…was addressed previously as “Wickes,” but he’s played by actor Raymond Kark.  It was bugging the hell out of me trying to figure out where I knew him from when it suddenly dawned on me he’s “Homer Watson,” the long arm of law enforcement in Eagle Rock, Iowa—the town that tries to quit smoking for thirty days in one of my all-time favorite film comedies, Cold Turkey.

Where was I?  Oh, right…Emmett is pestering the work crew.  Then Sam, Millie and Mike pull up in Sam’s car, with Millie getting Emmett’s attention by yelling his name a few dozen times.

EMMETT: Uh, this is the day they start the new road…I thought I’d drop out here this morning and sort of keep my eye on the big equipment…

Oh, sure…he could have spent productive time fixing Howard’s alarm clock…but a man must set priorities.

SAM: Oh…well, we were on our way to Mt. Pilot to do some shopping…I forgot they were starting today…
EMMETT: Oh, they’ll start clearing the trees any minute now…
MIKE: Hey, Pa…can we watch ‘em?

“Sure, Mike! Walk right over directly in front of that noisy, moving bulldozer and whisper to the driver if he needs help!”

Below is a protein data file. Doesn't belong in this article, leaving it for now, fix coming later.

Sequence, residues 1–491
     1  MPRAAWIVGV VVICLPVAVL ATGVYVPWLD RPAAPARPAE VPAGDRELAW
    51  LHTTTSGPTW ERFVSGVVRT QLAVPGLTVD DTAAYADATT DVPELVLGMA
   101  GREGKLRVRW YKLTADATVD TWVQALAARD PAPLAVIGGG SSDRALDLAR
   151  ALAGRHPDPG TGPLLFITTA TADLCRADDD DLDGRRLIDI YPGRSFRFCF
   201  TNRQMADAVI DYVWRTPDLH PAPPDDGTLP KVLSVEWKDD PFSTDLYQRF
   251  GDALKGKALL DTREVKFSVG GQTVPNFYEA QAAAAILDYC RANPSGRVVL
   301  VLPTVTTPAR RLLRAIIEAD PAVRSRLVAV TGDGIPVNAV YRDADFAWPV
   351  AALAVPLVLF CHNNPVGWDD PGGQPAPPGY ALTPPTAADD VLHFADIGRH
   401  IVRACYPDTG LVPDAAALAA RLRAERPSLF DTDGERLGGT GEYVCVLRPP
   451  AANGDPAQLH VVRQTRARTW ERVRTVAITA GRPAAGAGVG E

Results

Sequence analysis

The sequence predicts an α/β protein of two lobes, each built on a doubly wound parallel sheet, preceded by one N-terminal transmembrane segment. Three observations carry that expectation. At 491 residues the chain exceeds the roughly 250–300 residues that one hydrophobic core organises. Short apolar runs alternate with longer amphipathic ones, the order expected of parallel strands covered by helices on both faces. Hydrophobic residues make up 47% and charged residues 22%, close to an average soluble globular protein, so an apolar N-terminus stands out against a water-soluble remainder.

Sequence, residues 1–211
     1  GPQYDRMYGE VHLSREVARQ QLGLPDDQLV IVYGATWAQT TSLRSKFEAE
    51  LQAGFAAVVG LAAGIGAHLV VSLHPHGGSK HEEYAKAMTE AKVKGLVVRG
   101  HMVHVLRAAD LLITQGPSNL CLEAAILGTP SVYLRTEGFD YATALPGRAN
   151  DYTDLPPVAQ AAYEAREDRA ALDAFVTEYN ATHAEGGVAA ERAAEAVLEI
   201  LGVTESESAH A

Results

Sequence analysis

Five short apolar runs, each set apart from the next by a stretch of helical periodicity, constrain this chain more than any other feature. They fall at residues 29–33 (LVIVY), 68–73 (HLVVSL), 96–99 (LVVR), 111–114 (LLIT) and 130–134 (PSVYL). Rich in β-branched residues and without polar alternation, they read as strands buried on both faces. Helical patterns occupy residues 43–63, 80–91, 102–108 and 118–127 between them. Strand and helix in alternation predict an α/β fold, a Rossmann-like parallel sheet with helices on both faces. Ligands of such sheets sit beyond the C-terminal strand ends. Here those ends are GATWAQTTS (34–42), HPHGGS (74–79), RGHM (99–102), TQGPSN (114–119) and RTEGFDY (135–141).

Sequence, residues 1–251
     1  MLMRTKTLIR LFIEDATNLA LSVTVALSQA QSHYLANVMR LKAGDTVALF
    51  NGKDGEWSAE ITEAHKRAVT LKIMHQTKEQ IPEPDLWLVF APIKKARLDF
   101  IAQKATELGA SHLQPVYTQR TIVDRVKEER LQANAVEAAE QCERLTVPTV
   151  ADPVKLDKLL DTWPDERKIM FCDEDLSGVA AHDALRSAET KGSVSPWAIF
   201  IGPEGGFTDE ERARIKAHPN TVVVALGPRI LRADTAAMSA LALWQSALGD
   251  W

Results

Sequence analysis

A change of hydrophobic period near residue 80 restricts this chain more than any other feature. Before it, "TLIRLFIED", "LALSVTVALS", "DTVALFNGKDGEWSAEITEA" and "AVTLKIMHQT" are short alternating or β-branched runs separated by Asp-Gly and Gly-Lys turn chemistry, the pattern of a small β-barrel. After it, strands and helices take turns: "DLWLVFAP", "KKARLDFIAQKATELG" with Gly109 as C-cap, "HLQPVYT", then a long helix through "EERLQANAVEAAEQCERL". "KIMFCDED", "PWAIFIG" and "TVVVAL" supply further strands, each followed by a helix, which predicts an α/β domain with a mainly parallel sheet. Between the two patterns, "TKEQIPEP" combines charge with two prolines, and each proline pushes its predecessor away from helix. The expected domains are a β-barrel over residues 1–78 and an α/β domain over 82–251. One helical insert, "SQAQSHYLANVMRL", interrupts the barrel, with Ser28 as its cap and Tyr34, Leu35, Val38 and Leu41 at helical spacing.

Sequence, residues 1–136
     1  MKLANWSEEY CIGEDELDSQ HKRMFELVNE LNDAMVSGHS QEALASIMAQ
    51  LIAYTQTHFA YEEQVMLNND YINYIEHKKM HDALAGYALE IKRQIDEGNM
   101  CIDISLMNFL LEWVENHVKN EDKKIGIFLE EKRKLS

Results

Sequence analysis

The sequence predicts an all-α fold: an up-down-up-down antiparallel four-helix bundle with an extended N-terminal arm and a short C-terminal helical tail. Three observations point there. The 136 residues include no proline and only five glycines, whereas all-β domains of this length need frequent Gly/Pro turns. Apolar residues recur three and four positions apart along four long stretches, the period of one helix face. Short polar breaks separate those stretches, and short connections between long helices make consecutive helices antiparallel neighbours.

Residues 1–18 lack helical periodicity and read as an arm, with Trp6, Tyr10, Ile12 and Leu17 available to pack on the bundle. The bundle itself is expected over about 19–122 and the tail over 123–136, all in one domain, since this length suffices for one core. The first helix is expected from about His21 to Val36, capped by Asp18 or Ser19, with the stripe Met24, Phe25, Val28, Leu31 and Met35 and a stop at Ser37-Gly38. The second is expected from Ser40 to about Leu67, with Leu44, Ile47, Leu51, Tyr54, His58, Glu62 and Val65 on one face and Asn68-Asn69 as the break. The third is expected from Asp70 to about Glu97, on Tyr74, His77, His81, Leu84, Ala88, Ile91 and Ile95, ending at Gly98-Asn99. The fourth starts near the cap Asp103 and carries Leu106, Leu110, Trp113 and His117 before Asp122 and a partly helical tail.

SAM: No…I don’t think it will be all that interesting, Mike…
EMMETT (looking off in the distance): I wouldn’t be too sure about that…hey—look over there!

And so they came.  From towns like Siler City and Weaverville.  All eligible spinsters answering the call of their county in its time of need.

EMMETT: Would you look at those women!
MIKE: Hey, and look who else!

Howard gets out of one of the cars…demonstrating that Emmett had it right the first time.  Carrying signs and placards that read “Osborne Go Home” and “We Are the 99%,” Aunt Bee, Clara, Myrtle and the rest of the Garden Club begin to march toward where Osborne and his men are standing.  “Oh, Sam,” squeals Millie, “we’ve got to stay and see this!”

AUNT BEE (confronting Osborne): Mr. Osborne…we protest this road…in the name of trees and wilderness everywhere!
OSBORNE (unctuously): Miss Taylor…ladies…I am duly taking note of your well-meant protest…but this work must go ahead, so if you’ll please just…stand back…let ‘em go, Frank!